Nothing illustrates better the role of the media in undermining Edwards' campaign than the manner of its coverage of his leaving of it.
I was watching MSNBC, but I'm sure it was typical, since the same themes and attitudes about Edwards have been ubiquitous across the media. Mrs. Allen Greenspan was anchoring, and trying to fill the time before Edwards made his appearance, she noted the fascinating schisms in the Democratic Party, although she called them "threads," but divisions was clearly what she meant. Then Chris Matthews responded to Andrea's request for enlightenment on how you could have the suave Obama and the down-home populist Edwards in the same party with the nuttiest analysis I've ever heard; Democrats, it seems, are divided into the regular, traditional Dems, divided among old-fashioned interest groups, which are essentially populist, and the outsider/insurgents, who are upscale and intellectual, examples given were Gene McCarthy, Paul Tsongas and Bill Bradley, and whose main interest is in an abstract notion of ethics and good governement, Clinton being in the former camp, Obama being the idealistic good government guy. And before any of you jump on this particular circus wagon regarding Obama, remember, we're talking about Chris Matthews.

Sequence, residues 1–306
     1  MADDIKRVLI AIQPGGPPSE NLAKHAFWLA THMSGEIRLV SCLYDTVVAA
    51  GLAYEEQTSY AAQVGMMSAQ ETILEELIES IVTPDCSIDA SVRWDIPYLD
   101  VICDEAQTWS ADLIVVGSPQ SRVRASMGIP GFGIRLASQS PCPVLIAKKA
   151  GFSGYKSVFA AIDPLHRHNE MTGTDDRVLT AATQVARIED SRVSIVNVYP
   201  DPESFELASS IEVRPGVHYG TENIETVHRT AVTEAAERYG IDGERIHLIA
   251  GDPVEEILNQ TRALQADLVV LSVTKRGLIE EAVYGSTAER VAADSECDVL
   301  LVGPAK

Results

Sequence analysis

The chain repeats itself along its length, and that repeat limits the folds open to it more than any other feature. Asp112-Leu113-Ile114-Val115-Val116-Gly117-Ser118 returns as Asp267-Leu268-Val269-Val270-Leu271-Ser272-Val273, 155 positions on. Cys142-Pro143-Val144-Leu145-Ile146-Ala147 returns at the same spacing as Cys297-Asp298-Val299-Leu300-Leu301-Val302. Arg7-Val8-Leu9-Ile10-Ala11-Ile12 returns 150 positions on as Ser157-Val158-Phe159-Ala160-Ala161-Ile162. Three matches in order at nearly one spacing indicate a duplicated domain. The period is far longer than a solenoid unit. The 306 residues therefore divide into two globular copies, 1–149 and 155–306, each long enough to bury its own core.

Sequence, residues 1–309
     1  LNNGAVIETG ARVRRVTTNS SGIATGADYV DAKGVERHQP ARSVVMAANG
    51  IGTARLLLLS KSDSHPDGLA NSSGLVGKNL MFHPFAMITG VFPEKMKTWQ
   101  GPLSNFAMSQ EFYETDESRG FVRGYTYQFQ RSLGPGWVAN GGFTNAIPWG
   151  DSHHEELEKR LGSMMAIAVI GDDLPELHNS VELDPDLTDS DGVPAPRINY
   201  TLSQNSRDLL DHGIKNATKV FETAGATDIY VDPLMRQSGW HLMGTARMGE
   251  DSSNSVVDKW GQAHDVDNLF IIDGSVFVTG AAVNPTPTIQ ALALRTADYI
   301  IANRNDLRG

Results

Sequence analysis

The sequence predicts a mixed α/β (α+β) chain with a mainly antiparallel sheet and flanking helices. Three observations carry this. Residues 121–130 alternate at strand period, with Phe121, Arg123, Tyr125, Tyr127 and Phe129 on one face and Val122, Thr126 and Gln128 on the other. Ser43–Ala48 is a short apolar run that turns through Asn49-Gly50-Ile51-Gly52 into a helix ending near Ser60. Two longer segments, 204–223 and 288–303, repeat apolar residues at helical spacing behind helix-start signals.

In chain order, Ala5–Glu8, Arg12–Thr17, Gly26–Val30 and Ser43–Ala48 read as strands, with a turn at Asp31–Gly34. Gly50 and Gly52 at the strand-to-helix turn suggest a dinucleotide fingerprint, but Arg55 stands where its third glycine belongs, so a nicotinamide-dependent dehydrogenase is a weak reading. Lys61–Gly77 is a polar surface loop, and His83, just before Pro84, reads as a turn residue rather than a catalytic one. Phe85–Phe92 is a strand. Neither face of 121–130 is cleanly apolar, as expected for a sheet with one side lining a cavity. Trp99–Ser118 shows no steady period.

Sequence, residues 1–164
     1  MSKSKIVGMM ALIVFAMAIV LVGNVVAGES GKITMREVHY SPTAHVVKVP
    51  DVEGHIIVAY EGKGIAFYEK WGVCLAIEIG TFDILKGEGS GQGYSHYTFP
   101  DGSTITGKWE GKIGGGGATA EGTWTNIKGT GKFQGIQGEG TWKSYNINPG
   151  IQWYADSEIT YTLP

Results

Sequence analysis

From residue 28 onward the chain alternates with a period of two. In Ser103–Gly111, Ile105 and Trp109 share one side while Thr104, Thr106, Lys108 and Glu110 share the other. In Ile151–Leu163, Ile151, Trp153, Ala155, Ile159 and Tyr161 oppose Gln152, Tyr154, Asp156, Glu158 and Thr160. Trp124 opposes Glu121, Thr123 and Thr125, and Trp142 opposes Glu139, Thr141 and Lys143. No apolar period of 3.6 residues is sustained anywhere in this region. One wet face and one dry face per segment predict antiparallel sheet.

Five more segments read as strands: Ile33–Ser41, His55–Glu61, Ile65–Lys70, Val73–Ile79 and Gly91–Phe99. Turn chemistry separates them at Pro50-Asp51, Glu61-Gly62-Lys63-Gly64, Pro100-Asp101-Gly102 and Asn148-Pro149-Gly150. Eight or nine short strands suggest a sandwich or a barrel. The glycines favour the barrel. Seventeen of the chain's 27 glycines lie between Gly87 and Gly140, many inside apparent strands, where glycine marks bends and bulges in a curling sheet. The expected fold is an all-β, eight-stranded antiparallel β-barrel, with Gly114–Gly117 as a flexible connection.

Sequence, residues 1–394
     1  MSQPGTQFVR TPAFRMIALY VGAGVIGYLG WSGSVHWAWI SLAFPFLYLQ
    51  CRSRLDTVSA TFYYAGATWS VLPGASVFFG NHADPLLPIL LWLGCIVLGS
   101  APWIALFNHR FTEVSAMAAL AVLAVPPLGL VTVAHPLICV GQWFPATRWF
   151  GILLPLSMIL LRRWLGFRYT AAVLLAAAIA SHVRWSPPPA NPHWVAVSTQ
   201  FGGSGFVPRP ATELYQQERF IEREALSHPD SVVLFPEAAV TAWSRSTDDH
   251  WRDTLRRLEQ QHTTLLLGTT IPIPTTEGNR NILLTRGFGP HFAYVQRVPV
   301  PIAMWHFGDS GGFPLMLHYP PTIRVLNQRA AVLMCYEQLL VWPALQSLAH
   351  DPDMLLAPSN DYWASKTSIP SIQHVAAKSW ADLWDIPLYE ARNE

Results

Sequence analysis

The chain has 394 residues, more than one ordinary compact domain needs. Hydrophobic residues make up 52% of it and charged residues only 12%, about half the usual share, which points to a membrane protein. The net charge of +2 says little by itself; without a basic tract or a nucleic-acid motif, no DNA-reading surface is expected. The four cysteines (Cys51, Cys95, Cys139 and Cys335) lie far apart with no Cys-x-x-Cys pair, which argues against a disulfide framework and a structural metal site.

Once Edwards had spoken, the general tone was respectful, as Xan pointed out here, the way people tend to be at a funeral. Even so, the expensive hair cut came up, and all the rest, with special emphasis on the fact that Edwards ran such a different campaign than he had in 2004, as if nothing that might have happened in the interim could have changed his views. This lead immediately to the question of whether or not Edwards had suffered from an authenticity gap, running as an angry populist.